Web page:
• Common carp (Cyprinus carpio)
  • Cutthroat trout (Oncorhynchus clarkii)
  • Fathead minnow (Pimephales promelas)
  • Flathead catfish (Pylodictis olivaris)
  • Freshwater drum (Aplodinotus grunniens)
  • Gizzard shad (Dorosoma cepedianum)
  • Golden shiner (Notemigonus crysoleucas)
  • Golden trout (Oncorhynchus aquabonita)
  • Goldfish (Carassius auratus)
  • Grass carp (Ctenopharyngodon idella)
  • Green sunfish (Lepomis cyanellus)
  • Largemouth bass (Micropterus salmoides)
  • Longear sunfish (Lepomis megalotis)
  • Longnose gar (Lepisosteus osseus)
  • Mosquitofish (Gambusia affinis)
  • Muskellunge (Esox masquinongy)
  • Northern pike (Esox lucius)
  • Orangespotted sunfish (Lepomis humilis)
  • Paddlefish (Polyodon spathula)
  • Pumpkinseed (Lepomis gibbosus)
  • Quillback (Carpiodes cyprinus)
  • Rainbow trout (Oncorhynchus mykiss)
  • Redear sunfish (Lepomis microlophus)
  • River carpsucker (Carpiodes carpio)
  •  Sauger (Sander canadensis)
  • Shortnose gar (Lepisosteus platostomus)
  • Shovelnose sturgeon (Scaphirhynchus platorynchus)
  • Smallmouth bass (Micropterus  dolomieu)
  • Spotted bass (Micropterus  punctulatus)
  • Spotted gar (Lepisosteus oculatus)
  • Striped bass (Morone saxatilis)
  • Threadfin shad (Dorosoma petenense)
  • Walleye (Sander vitreus)
  • Warmouth (Lepomis gulosus)
  • White bass (Morone chrysops)
  • White crappie (Pomoxis annularis)
  • White sucker (Catostomus commersoni)
  • Yellow bullhead (Ameirus natalis)
  • Yellow perch (Perca flavescens)

Crustaceans

  • Calico (“Papershell”) crayfish (Orconectes immunis)
  • Freshwater prawn (Macrabrachi um rosenbergii)
  • Pacific white shrimp (Litopenaeus vannamei)
  • Red Swamp crawfish (Procambarus clarkii)
  • Virile (“Northern”) crayfish (Orconectes virilis)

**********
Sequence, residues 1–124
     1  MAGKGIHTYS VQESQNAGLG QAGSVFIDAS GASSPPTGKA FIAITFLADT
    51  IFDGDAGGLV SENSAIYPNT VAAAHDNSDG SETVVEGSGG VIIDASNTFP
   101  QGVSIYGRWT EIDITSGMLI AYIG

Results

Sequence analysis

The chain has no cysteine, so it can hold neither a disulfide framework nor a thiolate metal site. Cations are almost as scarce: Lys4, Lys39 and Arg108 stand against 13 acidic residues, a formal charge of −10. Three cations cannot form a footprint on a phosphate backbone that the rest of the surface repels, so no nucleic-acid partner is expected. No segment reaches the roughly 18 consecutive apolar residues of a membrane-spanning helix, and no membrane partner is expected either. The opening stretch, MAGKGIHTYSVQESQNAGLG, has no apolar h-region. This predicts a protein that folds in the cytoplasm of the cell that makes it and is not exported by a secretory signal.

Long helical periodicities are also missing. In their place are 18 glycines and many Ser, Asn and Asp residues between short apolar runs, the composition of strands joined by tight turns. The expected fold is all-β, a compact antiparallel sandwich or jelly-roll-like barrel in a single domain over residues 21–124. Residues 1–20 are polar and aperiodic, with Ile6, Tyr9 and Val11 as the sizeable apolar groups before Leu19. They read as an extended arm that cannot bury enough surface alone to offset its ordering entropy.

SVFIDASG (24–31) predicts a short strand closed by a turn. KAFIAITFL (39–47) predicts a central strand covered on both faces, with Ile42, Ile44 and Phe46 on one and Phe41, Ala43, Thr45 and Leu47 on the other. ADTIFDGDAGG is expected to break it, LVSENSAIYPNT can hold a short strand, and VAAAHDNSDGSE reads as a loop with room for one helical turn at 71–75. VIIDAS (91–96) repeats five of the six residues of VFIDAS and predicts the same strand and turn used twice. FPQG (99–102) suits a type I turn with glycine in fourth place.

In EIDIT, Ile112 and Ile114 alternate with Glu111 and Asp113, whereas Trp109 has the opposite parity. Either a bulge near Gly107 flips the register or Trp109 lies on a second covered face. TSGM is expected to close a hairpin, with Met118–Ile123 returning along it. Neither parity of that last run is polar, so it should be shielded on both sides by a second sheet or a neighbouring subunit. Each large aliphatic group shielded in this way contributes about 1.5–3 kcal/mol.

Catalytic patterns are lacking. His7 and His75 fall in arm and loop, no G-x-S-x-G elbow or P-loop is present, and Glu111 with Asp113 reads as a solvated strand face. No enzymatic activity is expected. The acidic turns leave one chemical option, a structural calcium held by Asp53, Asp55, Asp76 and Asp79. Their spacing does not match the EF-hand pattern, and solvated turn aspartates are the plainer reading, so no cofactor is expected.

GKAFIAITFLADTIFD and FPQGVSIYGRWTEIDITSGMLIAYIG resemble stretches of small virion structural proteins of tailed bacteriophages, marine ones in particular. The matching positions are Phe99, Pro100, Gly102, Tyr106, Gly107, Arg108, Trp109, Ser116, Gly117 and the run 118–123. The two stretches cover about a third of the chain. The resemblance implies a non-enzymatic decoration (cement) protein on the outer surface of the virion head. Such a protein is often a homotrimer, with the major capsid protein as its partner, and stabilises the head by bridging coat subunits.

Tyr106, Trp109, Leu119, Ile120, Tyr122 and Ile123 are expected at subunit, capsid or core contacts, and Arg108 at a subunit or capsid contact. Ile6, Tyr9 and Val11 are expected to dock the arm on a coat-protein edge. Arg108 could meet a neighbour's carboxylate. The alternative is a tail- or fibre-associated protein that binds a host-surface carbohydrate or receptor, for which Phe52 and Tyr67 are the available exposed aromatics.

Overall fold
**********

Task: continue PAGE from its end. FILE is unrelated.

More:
• White River crawfish (Procambarus acutus)

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Live Bait Regulations

Know Missouri's live-bait regulations, including species, methods, length limits, seasons, and daily limits.

Live Bait Dealers

Browse and search for live bait dealers throughout Missouri.

Porous-Soled Waders Ban

Didymo is an invasive alga that can lodge in porous-soled waders.

Porous-soled waders include shoes, boots, or waders with porous soles made of felt or any matted or woven fibrous material.

To keep didymo from invading trout waters, porous-soled waders are prohibited on the following waters:

Trout Parks

  • Maramec Spring Park
  • Bennett Spring State Park
  • Montauk State Park
  • Roaring River State Park

Lakes and streams

  • Barren Fork Creek in Shannon County
  • Blue Springs Creek in Crawford County
  • Capps Creek in Barry and Newton counties
  • Crane Creek in Stone and Lawrence counties
  • Current River in Dent, Texas, and Shannon counties
  • Dry Fork Creek in Crawford and Phelps counties
  • Eleven Point River in Oregon County
  • Hickory Creek in Newton County
  • Lake Taneycomo and its tributaries in Taney County
  • Little Piney Creek in Phelps County
  • Meramec River in Crawford and Phelps counties
  • Mill Creek in Phelps County
  • Niangua River in Dallas and Laclede counties
  • North Fork of White River in Ozark County
  • Roaring River in Barry County
  • Roubidoux Creek in Pulaski County
  • Spring Creek in Phelps County
  • Stone Mill Spring Branch in Pulaski County

Live Bait Regulations

Live Bait Species

Live bait includes crayfish, freshwater shrimp, southern leopard frogs, plains leopard frogs, cricket frogs, and nongame fish. Bullfrogs and green frogs taken under season limits and methods also may be used as bait.

  • Bighead carp and silver carp may not be used as live bait but may be used as dead or cut bait.
  • Live bait taken from public waters of Missouri may not be sold or transported to other states.
  • Game fish or their parts may not be used as bait.

Methods

  • Live bait may be taken by trap, dip net, throw net, pole and line or seine.
  • Live-bait traps must have a throat opening not more than 1-1/2 inches in any dimension, and must be labeled with the user’s full name and address, or Conservation Number.
  • Traps must be removed if they cannot be checked at least once every 24 hours.
  • Seines must not be more than 20 feet long and 4 feet deep, with a mesh of not more than 1/2 inch bar measure.
  • Live bait, except fish, may be taken by hand.
  • Crayfish also may be taken by trap with an opening not to exceed 1-1/2 inches by 18 inches.

Length Limits

  • All bluegill, green sunfish and bullheads more than 5 inches long and other species of nongame fish more than 12 inches long must be returned to the water unharmed immediately after being caught by any of the methods listed above except pole and line. The daily limits for nongame fish apply to the large fish taken by pole and line.
  • There is no length limit on bighead carp, common carp, gizzard shad, goldfish, grass carp and silver carp when used as bait.

Seasons

Live bait may be taken throughout the year.

Daily Limit